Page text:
Money makers: How I reinvented the exercise bike

After seeing how successful the Concept2 rowing machine was, Ian Wilson set out to do the same for cycling.

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Ian Wilson: "we can't make enough of them"

After winning gold in the lightweight fours at the world rowing championships in 1979, Ian Wilson began selling the Concept2 rowing machine, says Liam Kelly in The Sunday Times. By 2000, he wanted to repeat the success for cycling. So Wilson ploughed £1.5m in savings from his Concept2 days into his new venture, Wattbike, which he co-founded with Milan Bacanovic, a former rowing coach; Dusan Adamovic, a physiologist; and John Wilson (no relation).

After years of painstaking design work, the bikes went on sale just after the 2008 Beijing Olympics, from which British cyclists brought home eight gold medals, sparking a cycling craze in Britain. Since then, Wattbikes have become a hit with the New Zealand rugby-union team, and British sports stars Andy Murray (tennis) and Jessica Ennis-Hill (athletics). Over 40,000 of the bikes have been sold by the Nottingham-based company, which made £900,000 in pre-tax profits last year the same year it released the £1,500 Atom, aimed at the wider market. With 2,000 Atoms sold since September and a similar number ordered, it already looks set to be another success, says Wilson "we can't make enough of them".

Citymapper: the future of public transport

Azmat Yusuf grew up in Pakistan and Kuwait and has lived in New York, Singapore, and Washington without ever owning a car, says Arianne Cohen in Businessweek. But when he moved to London eight years ago to work at Google, "the maze of buses in particular" left him "flummoxed". So, he built an app, BusMapper, to calculate the most efficient routes, expanding to include trains, taxis and bikes. Today about 20 million commuters in 39 cities around the world use the app, renamed Citymapper in 2011.

In that time, about a billion journeys have been mapped generating data that Yusuf is using to improve public transport, starting with buses. "Right now," he says, "they're not really tied to demand. This is not the future." Last summer, Citymapper began testing its own fleet of on-demand minibuses in London, followed by its carpool service, Smart Ride, in March. So far, Citymapper has raised $50m in funding. "Cities are a bit slow to change," Yusuf explains. "We think it's good for us to do this ourselves and actually make the whole thing work."

Delivering a sprinkling of stardust

Emma Usher had become disillusioned with working as a television talent producer, says Matthew Caines in The Daily Telegraph. "I worked on some great shows, booking names such as [singers] Kanye West and Lady Gaga", she explains. "I was at the top of my game, but I fell out of love with an industry that changed quite a lot." Then a friend in PR phoned to ask for help with a Virgin Media promotion.

Usher used her years of experience and contacts to arrange to have Virgin founder Richard Branson placed in a Perspex box in the middle of Covent Garden for 12 hours. She booked some famous names to pop in and keep the entrepreneur company, including former tennis player Greg Rusedski. It was such a success that Usher kept getting called back whenever Virgin required a sprinkling of stardust. "I slowly phased out the TV work to the point that I had to launch RunRagged [the talent-booking agency that she co-founded with Simon Addy in 2010]", she says. The firm is now growing quickly as business turn to celebrities to boost their brands. Turnover was £700,000 last year, up by 40% from 2016.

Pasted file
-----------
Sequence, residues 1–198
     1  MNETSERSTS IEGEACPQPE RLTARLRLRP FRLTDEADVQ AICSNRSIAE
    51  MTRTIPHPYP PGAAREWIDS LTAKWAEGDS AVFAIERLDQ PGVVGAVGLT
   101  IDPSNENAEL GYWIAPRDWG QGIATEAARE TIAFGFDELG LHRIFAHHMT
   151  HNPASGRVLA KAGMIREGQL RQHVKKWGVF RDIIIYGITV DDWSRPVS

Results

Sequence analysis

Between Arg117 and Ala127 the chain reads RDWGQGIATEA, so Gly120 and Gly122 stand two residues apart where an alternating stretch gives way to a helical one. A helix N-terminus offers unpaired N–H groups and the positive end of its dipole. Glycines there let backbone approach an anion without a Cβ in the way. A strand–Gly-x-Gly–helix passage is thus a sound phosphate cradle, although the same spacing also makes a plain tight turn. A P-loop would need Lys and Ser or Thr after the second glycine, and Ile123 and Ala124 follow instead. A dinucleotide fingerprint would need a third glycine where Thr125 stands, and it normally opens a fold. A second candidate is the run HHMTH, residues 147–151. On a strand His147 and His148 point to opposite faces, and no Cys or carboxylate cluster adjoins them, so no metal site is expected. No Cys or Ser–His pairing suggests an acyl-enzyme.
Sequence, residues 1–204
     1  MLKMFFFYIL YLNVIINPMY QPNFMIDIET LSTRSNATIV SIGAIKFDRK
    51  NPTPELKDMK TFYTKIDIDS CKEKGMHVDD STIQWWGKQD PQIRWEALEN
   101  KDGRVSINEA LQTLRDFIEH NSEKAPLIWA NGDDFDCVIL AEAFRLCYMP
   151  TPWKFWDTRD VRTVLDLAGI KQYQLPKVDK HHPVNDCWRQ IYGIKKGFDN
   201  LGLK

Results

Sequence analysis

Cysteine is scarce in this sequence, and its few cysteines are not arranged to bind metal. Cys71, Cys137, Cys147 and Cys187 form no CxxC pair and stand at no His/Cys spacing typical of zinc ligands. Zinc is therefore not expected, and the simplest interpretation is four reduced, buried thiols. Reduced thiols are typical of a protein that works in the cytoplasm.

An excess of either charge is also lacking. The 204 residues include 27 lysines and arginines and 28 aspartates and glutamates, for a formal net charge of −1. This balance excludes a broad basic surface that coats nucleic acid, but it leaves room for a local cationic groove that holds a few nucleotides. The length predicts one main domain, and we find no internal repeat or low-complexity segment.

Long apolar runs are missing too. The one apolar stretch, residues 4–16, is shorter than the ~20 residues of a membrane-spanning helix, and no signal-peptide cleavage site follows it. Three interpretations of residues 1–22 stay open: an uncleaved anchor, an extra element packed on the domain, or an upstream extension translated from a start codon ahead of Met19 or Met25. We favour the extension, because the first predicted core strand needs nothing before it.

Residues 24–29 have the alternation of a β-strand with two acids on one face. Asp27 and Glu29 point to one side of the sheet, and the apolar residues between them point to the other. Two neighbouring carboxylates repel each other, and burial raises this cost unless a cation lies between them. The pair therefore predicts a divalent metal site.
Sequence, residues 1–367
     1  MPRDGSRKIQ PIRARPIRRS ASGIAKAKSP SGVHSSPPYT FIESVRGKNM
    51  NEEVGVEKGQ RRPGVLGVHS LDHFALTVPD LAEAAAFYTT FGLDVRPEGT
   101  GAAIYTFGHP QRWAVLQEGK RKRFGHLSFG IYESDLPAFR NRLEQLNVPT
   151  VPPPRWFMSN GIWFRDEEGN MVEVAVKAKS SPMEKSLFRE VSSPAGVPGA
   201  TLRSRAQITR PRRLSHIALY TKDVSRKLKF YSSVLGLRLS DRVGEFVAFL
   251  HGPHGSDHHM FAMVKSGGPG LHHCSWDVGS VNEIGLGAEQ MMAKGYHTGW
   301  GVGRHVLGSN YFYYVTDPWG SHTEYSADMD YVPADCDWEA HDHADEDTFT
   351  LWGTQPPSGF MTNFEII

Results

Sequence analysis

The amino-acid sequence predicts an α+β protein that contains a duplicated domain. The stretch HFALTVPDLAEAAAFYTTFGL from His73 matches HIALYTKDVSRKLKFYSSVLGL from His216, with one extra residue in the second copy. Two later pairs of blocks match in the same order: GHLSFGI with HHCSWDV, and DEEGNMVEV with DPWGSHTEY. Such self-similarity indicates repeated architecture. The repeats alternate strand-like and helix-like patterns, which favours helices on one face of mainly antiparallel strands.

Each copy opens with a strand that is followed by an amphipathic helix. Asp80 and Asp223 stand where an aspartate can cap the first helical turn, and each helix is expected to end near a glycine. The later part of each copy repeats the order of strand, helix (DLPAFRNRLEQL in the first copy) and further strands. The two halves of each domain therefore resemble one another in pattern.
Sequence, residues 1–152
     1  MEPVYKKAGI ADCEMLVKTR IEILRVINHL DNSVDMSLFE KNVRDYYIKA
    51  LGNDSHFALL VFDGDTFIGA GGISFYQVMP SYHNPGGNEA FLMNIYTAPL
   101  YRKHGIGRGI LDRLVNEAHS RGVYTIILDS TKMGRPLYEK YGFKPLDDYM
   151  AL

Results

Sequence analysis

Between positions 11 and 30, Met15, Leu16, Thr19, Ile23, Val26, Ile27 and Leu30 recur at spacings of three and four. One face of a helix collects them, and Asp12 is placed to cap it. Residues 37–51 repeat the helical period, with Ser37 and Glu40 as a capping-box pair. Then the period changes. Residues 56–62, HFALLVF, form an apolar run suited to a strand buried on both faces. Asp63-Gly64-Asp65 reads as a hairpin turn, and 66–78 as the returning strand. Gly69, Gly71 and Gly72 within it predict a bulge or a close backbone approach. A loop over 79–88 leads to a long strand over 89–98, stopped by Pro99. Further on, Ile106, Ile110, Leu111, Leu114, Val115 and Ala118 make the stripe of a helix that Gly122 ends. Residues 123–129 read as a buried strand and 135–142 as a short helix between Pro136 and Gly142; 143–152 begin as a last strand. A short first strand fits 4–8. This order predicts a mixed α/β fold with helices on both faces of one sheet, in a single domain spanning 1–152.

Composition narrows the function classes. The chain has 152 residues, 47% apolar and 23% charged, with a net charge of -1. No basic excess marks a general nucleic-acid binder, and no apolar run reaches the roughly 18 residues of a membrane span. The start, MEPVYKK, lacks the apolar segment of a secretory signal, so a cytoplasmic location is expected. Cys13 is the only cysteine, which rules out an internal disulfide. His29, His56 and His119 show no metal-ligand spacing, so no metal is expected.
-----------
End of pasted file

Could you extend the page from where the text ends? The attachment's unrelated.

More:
The rise of the artpreneur

Buying art has long been an investment of time as well as money, requiring visits to galleries, says the BBC's Carolyn Rice. Technology is changing that and "there's never been a better time to be an artist", adds American painter Ashley Longshore. Her artwork graces the walls of Hollywood celebrities such as Salma Hayek, Penelope Cruz and Blake Lively.

"Galleries told me that I would never make it so I started to think: how could I build my own empire?" says Longshore. Social media allowed her to showcase her work without the need to pay a gallery. Longshore has since sold multiple works online, including one for $50,000, while paying subscribers get access to her limited-edition artworks as well. "I want artists to see themselves as entrepreneurs artpreneurs' who have control over what they're putting out," she says.

For some, that is easier said than done, says Amy Zipkin in The New York Times. Suzanne Massion, 72, from Chicago, has been making art her whole life. But after going for nearly two years without a sale, Massion ditched the traditional gallery route and instead headed online in October. It wasn't easy. "Going online and selling online was for me hitting a brick wall," she says. "The technological aspect of selling art online was foreign to me." Happily, her efforts paid off. She sold four pieces through Ugallery.com in December alone.

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